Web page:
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Descendants of West African slaves fight to defend their lands in the US

The age-long tradition where properties belonging to West African slaves are passed down generations is under attack as properties of residents in Black communities in South Carolina are confiscated and sold for ridiculous reasons, wrecking many black families apart.

These properties, land especially were all legally acquired by these people and owned in common due to lack of trust for the legal system; whilst some of them bought lands with their hard-earned resources, others acquired theirs through deeds from the government after emancipation in 1865.

Although these properties belong to the descendants of Black slaves, they are restricted from selling them for profits; any attempt to do so will result in confiscation; moreover, residents living in these areas are forced to pay taxes, the refusal of which also leads to confiscation and auction of their properties.

Gullah Geechee crafts
Works of The Gullah Geechee community : ALAMY

Speaking to BBC, Lillian Milton who happens to be a victim narrated how her property was sold because she was unable to settle a tax of $250. Her house which was initially valued at $46,700 was sold to a real estate developer for merely $1,236.

“They had sold everything, the property, the house and all and when I offered to pay them with a cheque, they told me I couldn’t. I had to get cash money – 880 some dollars that I had to pay them to get my place back.” She told BBC.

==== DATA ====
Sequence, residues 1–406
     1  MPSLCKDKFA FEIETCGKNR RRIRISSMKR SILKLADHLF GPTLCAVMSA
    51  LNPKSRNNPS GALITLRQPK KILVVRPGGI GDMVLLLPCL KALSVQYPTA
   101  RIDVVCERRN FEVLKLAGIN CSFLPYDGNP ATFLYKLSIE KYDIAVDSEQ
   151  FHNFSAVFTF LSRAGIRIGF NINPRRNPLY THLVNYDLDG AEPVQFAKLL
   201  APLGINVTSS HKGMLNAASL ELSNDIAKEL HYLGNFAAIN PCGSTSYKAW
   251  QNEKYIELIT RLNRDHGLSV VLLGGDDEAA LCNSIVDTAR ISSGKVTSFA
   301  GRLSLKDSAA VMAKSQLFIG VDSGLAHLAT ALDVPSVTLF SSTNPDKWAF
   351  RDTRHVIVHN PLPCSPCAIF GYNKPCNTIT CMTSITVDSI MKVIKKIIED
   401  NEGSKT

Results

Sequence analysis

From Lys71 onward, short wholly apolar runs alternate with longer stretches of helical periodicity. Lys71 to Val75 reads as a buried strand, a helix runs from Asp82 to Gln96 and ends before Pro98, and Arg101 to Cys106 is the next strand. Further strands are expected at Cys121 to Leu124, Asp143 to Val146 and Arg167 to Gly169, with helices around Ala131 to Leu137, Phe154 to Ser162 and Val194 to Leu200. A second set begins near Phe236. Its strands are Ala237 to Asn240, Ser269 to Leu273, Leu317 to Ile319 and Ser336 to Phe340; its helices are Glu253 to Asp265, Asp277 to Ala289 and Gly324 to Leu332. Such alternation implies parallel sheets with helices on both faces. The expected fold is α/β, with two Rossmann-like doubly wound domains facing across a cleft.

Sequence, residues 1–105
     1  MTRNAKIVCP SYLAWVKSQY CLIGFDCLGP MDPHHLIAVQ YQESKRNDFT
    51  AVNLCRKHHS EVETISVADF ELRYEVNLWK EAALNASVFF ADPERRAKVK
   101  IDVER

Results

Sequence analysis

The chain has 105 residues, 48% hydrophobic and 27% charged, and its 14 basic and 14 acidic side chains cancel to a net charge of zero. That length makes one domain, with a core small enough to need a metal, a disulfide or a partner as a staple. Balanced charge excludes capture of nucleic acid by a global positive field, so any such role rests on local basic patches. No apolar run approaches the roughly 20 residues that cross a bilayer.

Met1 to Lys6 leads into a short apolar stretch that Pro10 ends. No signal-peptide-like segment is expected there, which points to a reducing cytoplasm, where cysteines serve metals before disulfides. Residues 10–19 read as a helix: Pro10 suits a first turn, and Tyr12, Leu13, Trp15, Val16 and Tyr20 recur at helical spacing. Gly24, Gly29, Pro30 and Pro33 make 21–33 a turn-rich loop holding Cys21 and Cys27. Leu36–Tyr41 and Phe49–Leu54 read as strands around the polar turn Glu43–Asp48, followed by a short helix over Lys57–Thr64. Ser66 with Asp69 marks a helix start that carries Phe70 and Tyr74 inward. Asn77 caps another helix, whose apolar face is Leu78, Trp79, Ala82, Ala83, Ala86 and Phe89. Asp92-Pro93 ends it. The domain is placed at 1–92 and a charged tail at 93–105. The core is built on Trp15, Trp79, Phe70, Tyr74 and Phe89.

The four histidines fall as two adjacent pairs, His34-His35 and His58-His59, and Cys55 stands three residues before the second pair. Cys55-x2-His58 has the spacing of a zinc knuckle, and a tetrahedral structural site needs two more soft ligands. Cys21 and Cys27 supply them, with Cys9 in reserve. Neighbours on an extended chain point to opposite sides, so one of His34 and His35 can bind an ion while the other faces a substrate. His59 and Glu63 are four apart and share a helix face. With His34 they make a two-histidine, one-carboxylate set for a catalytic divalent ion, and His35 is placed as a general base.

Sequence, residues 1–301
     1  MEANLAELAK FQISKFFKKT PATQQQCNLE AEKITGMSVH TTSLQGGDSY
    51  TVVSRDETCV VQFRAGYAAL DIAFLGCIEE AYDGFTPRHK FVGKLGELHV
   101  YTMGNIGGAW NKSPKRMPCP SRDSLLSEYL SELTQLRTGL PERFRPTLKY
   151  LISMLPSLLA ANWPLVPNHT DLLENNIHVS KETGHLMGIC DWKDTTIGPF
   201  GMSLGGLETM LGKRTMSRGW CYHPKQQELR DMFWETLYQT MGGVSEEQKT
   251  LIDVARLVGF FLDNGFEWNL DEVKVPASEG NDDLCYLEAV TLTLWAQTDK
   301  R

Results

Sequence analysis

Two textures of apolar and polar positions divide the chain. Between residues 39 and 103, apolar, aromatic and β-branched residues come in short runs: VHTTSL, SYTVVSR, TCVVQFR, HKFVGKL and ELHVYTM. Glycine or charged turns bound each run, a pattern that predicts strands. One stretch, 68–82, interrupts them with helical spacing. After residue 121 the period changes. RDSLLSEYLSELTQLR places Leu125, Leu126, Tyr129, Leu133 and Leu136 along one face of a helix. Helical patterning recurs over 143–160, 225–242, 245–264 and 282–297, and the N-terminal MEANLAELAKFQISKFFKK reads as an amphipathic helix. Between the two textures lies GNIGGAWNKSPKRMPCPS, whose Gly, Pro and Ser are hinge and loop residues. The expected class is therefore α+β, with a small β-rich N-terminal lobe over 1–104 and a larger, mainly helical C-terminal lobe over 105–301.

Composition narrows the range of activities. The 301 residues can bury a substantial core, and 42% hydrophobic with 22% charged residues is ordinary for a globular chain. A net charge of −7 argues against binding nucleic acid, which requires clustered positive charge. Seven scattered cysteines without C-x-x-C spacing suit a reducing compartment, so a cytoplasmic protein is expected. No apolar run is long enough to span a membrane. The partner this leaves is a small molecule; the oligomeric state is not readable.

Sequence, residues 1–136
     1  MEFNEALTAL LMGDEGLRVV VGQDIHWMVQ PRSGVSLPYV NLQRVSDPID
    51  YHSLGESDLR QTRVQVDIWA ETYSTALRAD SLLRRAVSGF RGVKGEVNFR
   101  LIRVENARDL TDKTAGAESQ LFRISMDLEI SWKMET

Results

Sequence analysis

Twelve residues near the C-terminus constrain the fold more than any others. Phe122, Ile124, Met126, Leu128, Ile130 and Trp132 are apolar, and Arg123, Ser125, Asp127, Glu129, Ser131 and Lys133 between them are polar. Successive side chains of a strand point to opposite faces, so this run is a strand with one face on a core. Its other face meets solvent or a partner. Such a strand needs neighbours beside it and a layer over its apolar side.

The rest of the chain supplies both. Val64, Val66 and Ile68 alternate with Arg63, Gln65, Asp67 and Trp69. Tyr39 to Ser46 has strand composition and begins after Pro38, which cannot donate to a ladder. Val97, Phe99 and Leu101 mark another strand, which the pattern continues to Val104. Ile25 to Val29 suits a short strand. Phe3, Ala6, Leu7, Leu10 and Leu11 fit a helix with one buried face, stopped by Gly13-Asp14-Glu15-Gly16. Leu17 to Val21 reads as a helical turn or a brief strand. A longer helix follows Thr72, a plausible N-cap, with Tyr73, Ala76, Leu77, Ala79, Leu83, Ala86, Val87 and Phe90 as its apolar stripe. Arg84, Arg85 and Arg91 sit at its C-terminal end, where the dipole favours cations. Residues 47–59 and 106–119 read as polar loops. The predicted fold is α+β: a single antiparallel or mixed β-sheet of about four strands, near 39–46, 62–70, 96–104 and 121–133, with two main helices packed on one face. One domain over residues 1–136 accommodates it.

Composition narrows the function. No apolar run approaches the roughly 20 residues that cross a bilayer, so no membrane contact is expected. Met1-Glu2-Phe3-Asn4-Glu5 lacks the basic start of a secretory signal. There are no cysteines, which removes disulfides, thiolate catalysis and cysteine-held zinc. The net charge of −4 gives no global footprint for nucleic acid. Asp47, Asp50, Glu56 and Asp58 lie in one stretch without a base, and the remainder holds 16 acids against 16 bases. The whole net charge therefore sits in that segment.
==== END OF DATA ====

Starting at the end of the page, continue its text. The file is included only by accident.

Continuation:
Even though Lillian managed to retrieve her property through legal tussle and help from friends, she told reporters that, she is not the only one who lost her property for similar reason; the past week, 20 houses belonging to black people living in these communities were earmarked for auctioning on same grounds.

Residents, some of whom are retired workers leave in fear of losing their properties. “We call them ‘strangers’ and we are afraid of them. Because they come to take your land. “They are millionaires, in big cars, driving slow, staking out property, dreaming on what it would be like to have a motel on the river right here.” they told reporters.

Lillian Milton and daughter Linda Milton Eaddy
Lillian Milton & daughter Linda Milton Eaddy are worried about their future: EILEEN KEITHLY/S S NEWS

The local authorities justified the tax system introduced, arguing that, Septic tanks of some of the residents pose health hazards hence the decision to tax each $250 for a sewer service; however, some white landowners in the area sided with the black community in suspicion of a foul play and deliberate attempts to grab properties disguised as a tax system which was not even part of the agreements of these people. The descendants are poised to do everything within their capacity to defend their properties and rights.

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